If you own a business, it is important that you know at least some aspect of employment law. For instance, if you ever get sued by a former employee, knowing your rights and theirs will be helpful. Part of being informed about employment law also means ensuring that you have a reliable employment lawyer on hand should anything ever happen, and you are required to appear in court. A lawyer can be a great resource even if you just need to sign some paperwork and want to better understand it. If you are a business owner who wants to know more about employment law, keep reading.
1. Safety Rules
It is the responsibility of the business owner to ensure that working conditions are safe for employees. In order to ensure that business owners are doing this, there are certain rules and regulations that are set in place to keep employees safe. For instance, you are required to provide specific safety data sheets to your employees if there is a harmful chemical on your worksite that could potentially cause them harm.
2. Child Labour Laws
If you happen to employ students or young people in general, ensure you are well-versed in child labour laws. Although students are allowed to work outside of school hours, those under the age of 16 have more restrictions, such as the number of hours they are allowed to work and the time of day they can work. In some instances, the employer may even require the explicit permission of the parent in order to have the child work for them. Again, these regulations and restrictions vary by age.
3. Hiring Employment Lawyers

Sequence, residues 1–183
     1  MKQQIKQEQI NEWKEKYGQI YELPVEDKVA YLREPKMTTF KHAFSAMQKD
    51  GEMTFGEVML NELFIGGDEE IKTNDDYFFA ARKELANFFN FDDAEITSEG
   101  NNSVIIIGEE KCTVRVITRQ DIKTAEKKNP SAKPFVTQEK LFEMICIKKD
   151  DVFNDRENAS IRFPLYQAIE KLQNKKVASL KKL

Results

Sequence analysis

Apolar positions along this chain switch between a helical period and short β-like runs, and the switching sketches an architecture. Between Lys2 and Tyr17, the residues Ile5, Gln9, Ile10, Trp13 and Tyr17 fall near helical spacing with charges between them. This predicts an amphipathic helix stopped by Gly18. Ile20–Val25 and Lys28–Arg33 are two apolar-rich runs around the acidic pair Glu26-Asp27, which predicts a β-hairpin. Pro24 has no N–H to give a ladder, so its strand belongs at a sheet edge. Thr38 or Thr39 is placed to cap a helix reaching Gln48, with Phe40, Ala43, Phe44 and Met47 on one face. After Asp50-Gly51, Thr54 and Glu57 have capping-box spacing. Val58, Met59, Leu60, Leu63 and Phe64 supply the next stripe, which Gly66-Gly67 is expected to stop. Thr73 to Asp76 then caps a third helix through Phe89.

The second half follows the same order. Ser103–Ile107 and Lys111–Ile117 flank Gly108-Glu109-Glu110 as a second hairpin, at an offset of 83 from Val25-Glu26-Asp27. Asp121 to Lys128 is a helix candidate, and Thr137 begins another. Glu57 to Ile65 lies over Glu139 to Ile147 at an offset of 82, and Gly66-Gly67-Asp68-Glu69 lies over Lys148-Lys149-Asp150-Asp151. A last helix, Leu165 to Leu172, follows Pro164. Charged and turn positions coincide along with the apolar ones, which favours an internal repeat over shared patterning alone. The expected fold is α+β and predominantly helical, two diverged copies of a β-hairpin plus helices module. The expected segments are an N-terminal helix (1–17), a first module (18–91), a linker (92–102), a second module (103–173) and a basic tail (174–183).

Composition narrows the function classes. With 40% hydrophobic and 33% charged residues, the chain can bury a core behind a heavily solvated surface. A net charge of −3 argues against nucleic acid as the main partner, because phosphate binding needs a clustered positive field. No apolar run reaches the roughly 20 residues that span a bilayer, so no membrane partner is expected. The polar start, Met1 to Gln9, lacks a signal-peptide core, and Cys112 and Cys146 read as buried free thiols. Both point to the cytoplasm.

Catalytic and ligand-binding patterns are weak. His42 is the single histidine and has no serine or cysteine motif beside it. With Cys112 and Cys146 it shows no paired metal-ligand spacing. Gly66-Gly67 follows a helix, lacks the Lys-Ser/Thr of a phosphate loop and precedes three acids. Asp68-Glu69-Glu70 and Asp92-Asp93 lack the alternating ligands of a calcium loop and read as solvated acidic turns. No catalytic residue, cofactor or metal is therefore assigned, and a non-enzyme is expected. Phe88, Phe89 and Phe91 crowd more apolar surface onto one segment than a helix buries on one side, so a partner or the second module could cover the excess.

If you are facing any legal problems, you will want an expert by your side. The last thing you want is to go into a legal situation without any proper representation on your side. Be sure to hire not just an attorney but an attorney that is specifically trained in employment law. An employment lawyer will know all the laws regarding employment from front to back, so you can rest assured that you will be in good hands. Not only that, but they will know what action to take and can counsel you in the right direction.
4. Termination of Employment
When terminating an employee, you are legally required to give notice in most instances. Otherwise, you would have to provide compelling evidence that justifies the termination without notice or give monetary compensation in lieu of notice. If you are unsure whether or not the potential termination of an employee is within their rights, you can always speak to an employment lawyer who may have all the answers that you need. Do not hesitate to reach out and ask any questions you may have. After all, it is better to be safe than sorry—or sued.
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